sented to the Scottish Branch by the Scottish colliery owners and mine workers, and these' it has been decided, e will be returned to them for use as colliery ambulances. St. Andrew's Ambulance Association are also to receive about 100 Red Cross motors for use all over the country.
Co-operative Motor Expenses.
Many distributive co-operative societies are seeking to acquire motor vehicles to deal with the freer supply of .foodstuffs now available. Last quarter the horse, van and motor expenses of the Stratford Co-operative Society were £5,463. among the items being £759 for the repair and re-tyring of motor vehicles, £695 for the repair of other vehicles, and £608 for B28 petrol, oil and electricity in connection with the various vehicles The Morley Society spent £91 on motor repairs and £49 on motor fuel, while its motor costing £1,510 now stands in its balance sheet at £179. The Horwich (Lancashire) Society is depreciating both its petrol and steam vehicles at the rate of 20 per cent., as is also the Whitworth (Rochdale) Society, while that at Soho (Birmingham) is allowing the heaviest depreciation of any co-operative society, viz., 25 per cent.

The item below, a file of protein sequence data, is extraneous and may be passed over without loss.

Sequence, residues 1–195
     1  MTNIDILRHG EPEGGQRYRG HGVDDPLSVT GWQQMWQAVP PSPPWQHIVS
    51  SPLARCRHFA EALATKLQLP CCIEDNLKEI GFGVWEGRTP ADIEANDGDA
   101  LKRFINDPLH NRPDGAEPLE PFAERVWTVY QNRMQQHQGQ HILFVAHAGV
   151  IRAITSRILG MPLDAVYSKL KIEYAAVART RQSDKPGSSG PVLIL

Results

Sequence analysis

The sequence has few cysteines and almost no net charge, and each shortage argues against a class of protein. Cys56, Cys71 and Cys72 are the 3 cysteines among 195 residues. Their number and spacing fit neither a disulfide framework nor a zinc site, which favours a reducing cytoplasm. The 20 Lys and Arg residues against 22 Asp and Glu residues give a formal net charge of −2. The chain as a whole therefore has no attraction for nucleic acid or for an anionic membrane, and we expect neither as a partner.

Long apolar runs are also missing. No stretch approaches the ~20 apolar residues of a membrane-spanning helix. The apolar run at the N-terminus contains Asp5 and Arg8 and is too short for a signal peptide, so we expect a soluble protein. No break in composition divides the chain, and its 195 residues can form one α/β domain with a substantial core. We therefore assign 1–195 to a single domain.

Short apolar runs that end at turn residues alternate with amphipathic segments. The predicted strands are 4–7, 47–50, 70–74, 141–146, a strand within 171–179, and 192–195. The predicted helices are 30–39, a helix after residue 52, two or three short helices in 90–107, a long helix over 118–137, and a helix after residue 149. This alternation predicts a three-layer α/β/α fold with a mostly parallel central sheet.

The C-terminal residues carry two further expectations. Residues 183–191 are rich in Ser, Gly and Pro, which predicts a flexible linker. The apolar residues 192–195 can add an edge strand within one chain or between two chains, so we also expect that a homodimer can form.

Hull Corporation received a resolution passed at a meeting of the ratepayers of laby considering the action of the Chief Constable in prohibiting the standing of any passengers on the Anlaby motor omnibus most unfair so long as the trams are allowed to carry passe's
gets in excess of their licensed number. The Chief Constable stated that the objection to overcrowding a bus was limited to the front seat and the back step, as it was considered that overcrowding of those positions was highly dangerous, and that this was not allowed on the trams.
Electrics Costing More.